Tag Archives: childhood

Understanding Madness

“It is sometimes an appropriate response to reality to go insane.” 
― Philip K. Dick

Very dangerous Idea. Imagine omitting the “sometimes” from the above sentence and what you got is a powerful conviction (or excuse) to do something outrageous.

Having said that, There are times when the mind is dealt such a blow it hides itself in insanity. While this may not seem beneficial, it is. There are times when the reality is nothing but pain, and to escape that pain the mind must leave reality behind. I guess that is what happened to my sister, she has gone insane to escape the sick reality of our lives.

Later on, she will choose to live on the streets than to face her responsibilities, leaving her six children behind. I’ve tried countless times to change her mind, fostering her kids, sending them to school, but although she will play with them and stay for a while, whenever I brought up the topic of her settling down with her children again, she will get hysterics and tell me she doesn’t want headaches anymore and she will disappear again, back to her old habits of moving from one place to another.

It hurts me to think of the horror she had been subjected to being the way she is and living the life she has chosen for herself. Sometimes, she will have deep cuts on her arms or bruises on her bodies. Other times, her hair had been chopped off badly and she was bleeding. Rumor has it she had been gang-raped in the cemetery… It breaks my heart but I am powerless to do anything. You cannot help somebody that doesn’t want to be helped.

I’ve nightmares about it and like her, I avoid thinking about her situation too much for the fear of joining her in her never-ending quest for peace of mind.

Yann Martel said: All living things contain a measure of madness that moves them in strange, sometimes inexplicable ways. This madness can be saving; it is part and parcel of the ability to adapt. Without it, no species would survive.

Maybe that is what my sister is doing, saving herself in the only way she knows how. It might seem insane to onlookers but to her it makes sense. I hope someday she will find what she is looking for. I hope she will find someone who understands her and will take care of her and show her how it is to be loved. She needs it. Love is something she never experienced in her life. Certainly not from my mother who hated her from the moment she was born. Hate she passed on to anyone and everything that has something to do with my sister including her children. I don’t understand it. I will never understand how someone let alone a mother could differentiate her love between her children?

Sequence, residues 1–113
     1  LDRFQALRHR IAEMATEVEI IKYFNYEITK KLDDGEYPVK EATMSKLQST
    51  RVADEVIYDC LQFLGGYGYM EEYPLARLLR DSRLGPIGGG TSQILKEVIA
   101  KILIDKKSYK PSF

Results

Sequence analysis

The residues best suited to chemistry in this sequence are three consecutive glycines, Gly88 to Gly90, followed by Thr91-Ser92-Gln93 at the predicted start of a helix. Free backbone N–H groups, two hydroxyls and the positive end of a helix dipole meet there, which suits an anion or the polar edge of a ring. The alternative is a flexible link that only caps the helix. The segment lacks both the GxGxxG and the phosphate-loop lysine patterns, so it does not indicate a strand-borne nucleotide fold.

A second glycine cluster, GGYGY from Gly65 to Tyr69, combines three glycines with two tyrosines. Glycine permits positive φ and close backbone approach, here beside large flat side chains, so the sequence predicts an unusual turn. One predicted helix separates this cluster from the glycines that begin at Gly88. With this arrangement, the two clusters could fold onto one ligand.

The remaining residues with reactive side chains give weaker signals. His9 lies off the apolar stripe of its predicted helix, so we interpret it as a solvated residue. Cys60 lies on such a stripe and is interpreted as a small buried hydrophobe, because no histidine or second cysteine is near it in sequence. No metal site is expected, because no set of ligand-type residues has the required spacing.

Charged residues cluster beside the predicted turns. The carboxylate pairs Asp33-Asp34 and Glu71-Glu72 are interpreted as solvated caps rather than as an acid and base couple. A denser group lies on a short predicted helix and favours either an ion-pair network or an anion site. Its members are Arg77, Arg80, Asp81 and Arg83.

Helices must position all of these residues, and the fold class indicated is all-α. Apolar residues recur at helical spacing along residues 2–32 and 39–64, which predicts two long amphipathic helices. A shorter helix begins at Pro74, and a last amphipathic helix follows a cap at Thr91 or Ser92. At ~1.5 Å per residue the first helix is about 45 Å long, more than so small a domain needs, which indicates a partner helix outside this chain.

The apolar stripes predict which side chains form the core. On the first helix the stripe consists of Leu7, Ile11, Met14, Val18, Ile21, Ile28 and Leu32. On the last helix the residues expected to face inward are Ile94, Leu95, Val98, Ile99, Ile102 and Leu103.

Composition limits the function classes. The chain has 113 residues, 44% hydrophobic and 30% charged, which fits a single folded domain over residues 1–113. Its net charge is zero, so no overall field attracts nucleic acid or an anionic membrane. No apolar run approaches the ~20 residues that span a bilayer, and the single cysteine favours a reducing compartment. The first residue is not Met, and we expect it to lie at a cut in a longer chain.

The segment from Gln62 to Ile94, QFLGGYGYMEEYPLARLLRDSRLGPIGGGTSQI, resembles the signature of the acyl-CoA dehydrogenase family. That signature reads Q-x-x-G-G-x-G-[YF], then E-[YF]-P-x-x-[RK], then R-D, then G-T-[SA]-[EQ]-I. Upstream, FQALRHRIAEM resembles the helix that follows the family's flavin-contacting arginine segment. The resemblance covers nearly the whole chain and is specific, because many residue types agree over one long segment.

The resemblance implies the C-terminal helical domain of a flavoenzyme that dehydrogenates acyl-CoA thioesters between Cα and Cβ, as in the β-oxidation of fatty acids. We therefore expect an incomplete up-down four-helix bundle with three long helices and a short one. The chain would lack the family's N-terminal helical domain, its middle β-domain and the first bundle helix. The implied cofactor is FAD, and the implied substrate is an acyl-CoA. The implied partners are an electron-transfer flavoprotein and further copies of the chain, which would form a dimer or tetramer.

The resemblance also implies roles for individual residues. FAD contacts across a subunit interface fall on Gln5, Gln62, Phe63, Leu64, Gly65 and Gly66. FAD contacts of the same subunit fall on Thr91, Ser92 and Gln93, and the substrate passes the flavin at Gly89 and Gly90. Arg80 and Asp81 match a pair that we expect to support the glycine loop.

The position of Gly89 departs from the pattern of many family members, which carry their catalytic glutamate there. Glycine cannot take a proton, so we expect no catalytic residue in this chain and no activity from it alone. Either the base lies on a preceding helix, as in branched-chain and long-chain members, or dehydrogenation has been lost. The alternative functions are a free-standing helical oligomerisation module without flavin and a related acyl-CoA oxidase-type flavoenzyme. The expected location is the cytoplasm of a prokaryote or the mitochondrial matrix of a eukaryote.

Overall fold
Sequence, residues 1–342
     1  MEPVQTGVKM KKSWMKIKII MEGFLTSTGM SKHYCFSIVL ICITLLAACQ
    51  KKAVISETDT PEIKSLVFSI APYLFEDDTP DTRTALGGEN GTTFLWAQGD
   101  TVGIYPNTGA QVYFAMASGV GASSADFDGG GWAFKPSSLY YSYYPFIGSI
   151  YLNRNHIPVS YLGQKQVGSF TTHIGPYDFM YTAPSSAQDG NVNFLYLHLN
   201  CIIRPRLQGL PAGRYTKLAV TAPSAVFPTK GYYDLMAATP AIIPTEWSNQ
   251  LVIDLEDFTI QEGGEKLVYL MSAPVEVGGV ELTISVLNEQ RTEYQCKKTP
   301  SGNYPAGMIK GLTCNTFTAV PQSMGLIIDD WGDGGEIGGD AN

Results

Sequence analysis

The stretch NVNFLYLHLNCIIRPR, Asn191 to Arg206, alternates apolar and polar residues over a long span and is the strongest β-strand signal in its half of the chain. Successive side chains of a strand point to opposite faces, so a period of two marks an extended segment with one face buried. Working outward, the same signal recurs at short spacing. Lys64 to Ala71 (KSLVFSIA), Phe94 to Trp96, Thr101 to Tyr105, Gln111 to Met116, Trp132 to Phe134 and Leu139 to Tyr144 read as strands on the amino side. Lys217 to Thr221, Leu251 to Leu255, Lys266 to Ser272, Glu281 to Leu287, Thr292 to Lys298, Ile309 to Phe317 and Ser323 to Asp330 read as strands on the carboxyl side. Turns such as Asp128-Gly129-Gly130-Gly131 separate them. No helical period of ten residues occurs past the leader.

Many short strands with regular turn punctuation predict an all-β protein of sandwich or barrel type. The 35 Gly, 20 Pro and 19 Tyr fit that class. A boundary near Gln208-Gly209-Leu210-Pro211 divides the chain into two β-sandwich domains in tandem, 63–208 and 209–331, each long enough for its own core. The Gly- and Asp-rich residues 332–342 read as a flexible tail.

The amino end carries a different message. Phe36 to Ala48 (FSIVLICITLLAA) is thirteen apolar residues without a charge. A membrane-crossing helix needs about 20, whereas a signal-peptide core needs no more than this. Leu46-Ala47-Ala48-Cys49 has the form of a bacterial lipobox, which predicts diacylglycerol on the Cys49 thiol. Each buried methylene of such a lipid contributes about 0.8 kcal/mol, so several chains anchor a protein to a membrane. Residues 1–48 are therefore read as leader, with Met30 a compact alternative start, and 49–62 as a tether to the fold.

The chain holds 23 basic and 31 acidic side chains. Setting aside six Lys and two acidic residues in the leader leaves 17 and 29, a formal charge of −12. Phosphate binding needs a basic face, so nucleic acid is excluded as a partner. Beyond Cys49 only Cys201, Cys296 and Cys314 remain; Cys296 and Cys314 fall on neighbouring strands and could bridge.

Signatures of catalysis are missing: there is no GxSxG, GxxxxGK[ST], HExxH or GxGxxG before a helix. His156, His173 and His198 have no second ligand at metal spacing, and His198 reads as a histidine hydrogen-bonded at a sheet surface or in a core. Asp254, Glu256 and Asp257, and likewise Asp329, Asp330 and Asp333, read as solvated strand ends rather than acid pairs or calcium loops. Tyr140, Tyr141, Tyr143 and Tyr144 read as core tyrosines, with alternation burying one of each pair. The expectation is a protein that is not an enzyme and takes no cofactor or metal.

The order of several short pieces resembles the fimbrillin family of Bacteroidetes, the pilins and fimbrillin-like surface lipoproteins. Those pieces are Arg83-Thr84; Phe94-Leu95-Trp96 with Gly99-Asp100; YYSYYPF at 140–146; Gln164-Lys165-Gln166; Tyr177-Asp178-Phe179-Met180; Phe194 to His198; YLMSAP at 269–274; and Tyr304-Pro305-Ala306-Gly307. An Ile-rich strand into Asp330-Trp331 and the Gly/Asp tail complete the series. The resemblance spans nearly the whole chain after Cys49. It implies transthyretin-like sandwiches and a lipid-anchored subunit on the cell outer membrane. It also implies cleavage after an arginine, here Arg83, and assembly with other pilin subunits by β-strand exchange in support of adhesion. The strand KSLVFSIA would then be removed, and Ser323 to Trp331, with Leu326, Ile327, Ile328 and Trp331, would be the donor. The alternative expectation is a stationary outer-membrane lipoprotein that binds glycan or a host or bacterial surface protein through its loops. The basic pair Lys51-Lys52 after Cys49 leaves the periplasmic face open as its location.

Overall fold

They say all parents do it, they love their children in different ways, seeing each child as an individual, each one with their own unique characteristics, strengths, and weaknesses and may find it easier to understand one child from another. That I could understand. But to hate and shun your own child calling her ugly among so many other derogatory terms is to me unacceptable. 

Maybe my mother had her own twisted reasons for doing it. She never told me when she was alive and now that she’s dead, I will never know why. Perhaps that is the madness of my mother, favoring one child among her children.

Maybe we are all mad here in Wonderland.

Emilie Autumn said:

Some are born mad, some achieve madness, and some have madness thrust upon ’em.

I believe the last one is my sister.

Her mind is too weak to cope with our dysfunctional family situations. But she’s not alone. None of us siblings survived the ordeal of growing up without scars, visible or invisible. The traumas manifested in all sorts of bizarre behaviors which in turn have lead into more compromising circumstances breeding the next generations of the likes of us.

God knows where it will lead.

According to the experts___

When you find yourself locked onto an unpleasant train of thought, heading for the places in your past where the screaming is unbearable, remember there’s always madness. Madness is the emergency exit.

I will keep this in mind.

When things become unbearable.

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Home Is Where Your Heart Is

I discovered that what most people call creepy, scary, and spooky, I call comfy, cozy, and home.― Zak Bagans

They say we feel more comfortable in a familiar environment. With the people we know.

Studies have shown that we are all attracted to what is familiar to us and that repeated exposure to certain people will increase our attraction toward them. This is a subconscious process that we’re not even aware of or have any awareness of making such a choice. We are attracted to familiar people because we consider them to be safe and unlikely to cause harm. Even when someone’s behavior or personality is hurtful, on a subconscious level, some part of us finds comfort in the familiarity of that behavior. Good or bad, the environment in which we grew up is the only home we’ve ever known.